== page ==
Thursday, November 30, 2006
Albums by celebrities can be judged by several different criteria. On one hand, there's the "Novelty/WTF?" axis, on which either Muhammed Ali or Robert Mitchum can claim high scores. Then, of course, is the Hipster Angle, in which value depends upon the album's potential for future generations to appreciate it for entirely unintentional merits, a la Paris Hilton or Cheryl Ladd. Next is the "Celebrity Album That Manages to Surpass Its Low Expectations, and Actually Becomes a Critical Success". Milla Jovovich and Brigitte Bardot are thus far the only representatives on this axis. Finally, there is the obscurity angle...
Judged by this criterion alone, Canadian Louise Robey's album would almost certainly garner 3-4 stars. For those of you unfamiliar with her work, read on:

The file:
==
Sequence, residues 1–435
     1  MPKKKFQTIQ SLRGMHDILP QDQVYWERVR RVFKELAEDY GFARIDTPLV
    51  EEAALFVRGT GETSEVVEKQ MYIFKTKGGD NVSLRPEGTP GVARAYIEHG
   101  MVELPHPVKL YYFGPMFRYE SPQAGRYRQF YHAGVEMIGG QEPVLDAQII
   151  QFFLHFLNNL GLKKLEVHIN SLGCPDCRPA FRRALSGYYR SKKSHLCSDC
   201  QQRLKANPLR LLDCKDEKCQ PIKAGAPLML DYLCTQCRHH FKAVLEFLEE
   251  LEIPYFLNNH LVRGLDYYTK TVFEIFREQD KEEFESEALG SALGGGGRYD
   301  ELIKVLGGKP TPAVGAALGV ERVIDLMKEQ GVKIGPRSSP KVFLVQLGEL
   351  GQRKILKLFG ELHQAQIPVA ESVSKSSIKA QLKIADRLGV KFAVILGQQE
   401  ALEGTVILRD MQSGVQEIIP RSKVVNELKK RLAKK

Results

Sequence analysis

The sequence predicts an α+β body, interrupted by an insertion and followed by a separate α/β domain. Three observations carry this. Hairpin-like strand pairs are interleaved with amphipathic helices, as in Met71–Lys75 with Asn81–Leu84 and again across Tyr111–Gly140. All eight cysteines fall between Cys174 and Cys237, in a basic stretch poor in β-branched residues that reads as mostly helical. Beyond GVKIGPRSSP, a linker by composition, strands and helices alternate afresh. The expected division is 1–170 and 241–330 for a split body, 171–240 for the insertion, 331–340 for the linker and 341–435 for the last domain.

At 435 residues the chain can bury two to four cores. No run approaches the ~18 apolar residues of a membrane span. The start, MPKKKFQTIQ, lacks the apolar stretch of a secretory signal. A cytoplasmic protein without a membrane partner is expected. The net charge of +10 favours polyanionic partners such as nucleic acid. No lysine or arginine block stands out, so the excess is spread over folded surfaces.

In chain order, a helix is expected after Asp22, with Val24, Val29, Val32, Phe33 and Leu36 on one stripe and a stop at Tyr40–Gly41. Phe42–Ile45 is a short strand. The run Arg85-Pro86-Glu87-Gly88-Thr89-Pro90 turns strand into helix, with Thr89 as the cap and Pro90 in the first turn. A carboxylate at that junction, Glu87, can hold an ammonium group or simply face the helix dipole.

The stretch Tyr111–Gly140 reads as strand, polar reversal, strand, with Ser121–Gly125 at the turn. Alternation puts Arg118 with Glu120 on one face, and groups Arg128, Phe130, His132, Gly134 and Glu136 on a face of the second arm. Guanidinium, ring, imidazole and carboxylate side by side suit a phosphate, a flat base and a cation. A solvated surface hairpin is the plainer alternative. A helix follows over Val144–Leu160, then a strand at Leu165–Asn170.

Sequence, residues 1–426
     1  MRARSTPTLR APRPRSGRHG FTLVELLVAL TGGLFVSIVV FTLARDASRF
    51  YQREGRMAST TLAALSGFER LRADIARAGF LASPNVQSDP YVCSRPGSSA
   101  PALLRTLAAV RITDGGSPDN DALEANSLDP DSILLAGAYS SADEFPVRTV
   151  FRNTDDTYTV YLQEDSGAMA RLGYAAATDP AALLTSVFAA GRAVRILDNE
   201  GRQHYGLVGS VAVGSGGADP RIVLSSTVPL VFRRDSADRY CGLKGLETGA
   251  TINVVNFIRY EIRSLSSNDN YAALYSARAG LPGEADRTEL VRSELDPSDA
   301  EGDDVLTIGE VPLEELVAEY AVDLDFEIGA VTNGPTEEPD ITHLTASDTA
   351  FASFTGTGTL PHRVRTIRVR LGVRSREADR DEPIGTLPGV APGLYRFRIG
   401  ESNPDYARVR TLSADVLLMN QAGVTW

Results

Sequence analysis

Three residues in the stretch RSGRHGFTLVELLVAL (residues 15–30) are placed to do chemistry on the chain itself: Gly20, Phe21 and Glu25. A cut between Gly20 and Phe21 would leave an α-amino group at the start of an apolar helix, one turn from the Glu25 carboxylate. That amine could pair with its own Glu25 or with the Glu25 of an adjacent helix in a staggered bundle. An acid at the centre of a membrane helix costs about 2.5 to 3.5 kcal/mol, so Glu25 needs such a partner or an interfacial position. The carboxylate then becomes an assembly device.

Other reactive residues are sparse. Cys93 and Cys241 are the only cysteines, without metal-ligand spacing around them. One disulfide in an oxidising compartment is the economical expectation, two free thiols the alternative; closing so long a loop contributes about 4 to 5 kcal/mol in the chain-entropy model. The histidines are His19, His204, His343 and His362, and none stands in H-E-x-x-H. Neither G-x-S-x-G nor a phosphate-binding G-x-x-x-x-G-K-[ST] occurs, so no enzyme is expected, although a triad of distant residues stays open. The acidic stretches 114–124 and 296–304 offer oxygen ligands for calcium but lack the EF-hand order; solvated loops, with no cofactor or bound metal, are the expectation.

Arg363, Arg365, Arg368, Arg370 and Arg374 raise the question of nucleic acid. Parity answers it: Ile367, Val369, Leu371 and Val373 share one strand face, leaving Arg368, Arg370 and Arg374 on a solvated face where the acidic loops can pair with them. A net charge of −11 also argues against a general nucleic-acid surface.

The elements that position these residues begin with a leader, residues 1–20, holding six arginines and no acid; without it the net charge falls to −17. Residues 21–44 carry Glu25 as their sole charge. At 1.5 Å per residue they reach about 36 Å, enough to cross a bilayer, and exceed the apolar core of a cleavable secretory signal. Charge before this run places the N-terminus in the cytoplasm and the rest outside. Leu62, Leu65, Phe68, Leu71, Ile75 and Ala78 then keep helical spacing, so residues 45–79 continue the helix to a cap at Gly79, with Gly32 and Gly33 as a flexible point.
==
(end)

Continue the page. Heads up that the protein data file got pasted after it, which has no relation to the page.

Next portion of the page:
Most everybody who is aware of Robey remembers her from "Friday The 13th: The Series", an hour-long horror/drama TV series in much the same vein as the early Fox Network's "Werewolf". Friday the 13th featured a very clever premise involving cursed artifacts that granted the desires of their owners, but usually at the cost of someone else's blood. The show had some clever stories, as well as some memorable characters. The show's hook-savvy writers always made sure Robey wore a wet tank-top at some point in each episode, and if you're interested, she DID appear nude in a film. The name escapes me, but a quick Mr. Skin search should do the trick.
Products of Canada tend to be either mildly entertaining (a la Alex Trebek) or utterly disappointing (a la curling). The "Friday The 13th" series managed to surpass these classifications, and holds a place of honor right up there between Rush and Ed the Sock.
Can't seem to get a fix on the date of this album. The date (possibly the date of reissue?) says 1995, but judging by the photos and the synth-heavy music, I'd put this at 1989 at the latest.
Bangkok, Oriental city: